Effectiveness of Executive Coaching
Is executive coaching effective? Does it help leaders achieve personal and organizational goals? Does it have a good ROI?
If you've considered executive coaching for yourself or someone in your organization, these are questions you may have considered. As executive coaching becomes a more frequent business practice, it has become a focus of study for the academic community as well. Researchers Simmy Grover and Adrian Furnham from University College London recently conducted a meta-analysis in which they reviewed 52 studies on the effectiveness of executive coaching.
In their review, Grover and Furnham looked at coaching results for not only the individual coaching client but also how executive coaching impacted the organization. For the individual, executive coaching has been found to result in increased self-efficacy, goal attainment, resilience, well-being, and openness to new behaviors and lower levels of stress. Some studies have also indicated increased career, work, and job satisfaction.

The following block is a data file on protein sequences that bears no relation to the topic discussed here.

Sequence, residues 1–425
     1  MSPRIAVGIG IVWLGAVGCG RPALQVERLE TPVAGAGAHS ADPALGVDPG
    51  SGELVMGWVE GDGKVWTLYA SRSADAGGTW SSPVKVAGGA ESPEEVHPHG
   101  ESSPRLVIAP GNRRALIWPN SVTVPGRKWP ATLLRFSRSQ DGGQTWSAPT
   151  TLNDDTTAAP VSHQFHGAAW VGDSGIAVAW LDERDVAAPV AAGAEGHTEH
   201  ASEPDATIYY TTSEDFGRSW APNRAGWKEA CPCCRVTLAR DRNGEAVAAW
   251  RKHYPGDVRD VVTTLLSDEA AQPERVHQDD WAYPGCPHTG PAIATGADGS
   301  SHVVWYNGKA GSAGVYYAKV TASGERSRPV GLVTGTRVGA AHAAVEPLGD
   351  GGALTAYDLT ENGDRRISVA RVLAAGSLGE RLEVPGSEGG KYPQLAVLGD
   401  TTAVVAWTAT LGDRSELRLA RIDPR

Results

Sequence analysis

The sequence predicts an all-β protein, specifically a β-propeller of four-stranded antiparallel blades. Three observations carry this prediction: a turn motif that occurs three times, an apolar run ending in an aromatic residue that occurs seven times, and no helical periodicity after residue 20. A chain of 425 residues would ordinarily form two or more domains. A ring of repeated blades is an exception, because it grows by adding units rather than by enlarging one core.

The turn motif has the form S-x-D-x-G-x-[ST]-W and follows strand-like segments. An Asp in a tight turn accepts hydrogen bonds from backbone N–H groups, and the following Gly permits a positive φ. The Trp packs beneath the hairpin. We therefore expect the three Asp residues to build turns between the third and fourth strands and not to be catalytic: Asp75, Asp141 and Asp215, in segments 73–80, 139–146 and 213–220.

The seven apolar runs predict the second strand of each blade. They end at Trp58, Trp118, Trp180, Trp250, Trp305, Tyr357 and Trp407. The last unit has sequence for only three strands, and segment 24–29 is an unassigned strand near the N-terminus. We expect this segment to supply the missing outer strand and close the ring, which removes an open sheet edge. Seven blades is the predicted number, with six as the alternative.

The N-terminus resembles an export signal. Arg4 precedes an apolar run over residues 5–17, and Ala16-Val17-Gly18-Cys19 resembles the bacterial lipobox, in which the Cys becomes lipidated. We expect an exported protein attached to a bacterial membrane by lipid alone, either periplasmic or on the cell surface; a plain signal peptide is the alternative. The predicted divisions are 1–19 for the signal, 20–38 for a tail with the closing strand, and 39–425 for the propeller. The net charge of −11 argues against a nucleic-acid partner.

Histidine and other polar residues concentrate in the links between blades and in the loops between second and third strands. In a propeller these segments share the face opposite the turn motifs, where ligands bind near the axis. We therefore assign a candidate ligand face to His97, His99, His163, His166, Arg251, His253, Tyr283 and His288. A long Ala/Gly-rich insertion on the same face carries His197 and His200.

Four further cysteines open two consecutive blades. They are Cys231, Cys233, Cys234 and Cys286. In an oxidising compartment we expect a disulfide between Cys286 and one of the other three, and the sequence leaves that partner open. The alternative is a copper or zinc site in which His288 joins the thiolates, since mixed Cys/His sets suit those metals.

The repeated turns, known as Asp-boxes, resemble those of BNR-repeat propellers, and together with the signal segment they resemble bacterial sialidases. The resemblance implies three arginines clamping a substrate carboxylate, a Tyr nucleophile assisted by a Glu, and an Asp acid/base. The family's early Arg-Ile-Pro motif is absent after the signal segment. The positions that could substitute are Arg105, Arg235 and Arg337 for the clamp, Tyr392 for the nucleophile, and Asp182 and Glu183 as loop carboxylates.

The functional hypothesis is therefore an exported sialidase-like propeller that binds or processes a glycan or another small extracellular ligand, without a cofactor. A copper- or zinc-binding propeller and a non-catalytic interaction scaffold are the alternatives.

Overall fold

Organizations also benefit when leaders receive executive coaching. According to several of the studies reviewed by Grover and Furnham, subordinates particularly benefit when their supervisors receive coaching. Subordinates experience increased job satisfaction, work engagement, and organizational commitment, thereby reducing turnover costs.
So, yes, executive coaching is effective and it does help leaders achieve personal and organizational goals. It can also provide a favorable return on investment through the increased self-efficacy and goal attainment of the leader and increase satisfaction and engagement of employees.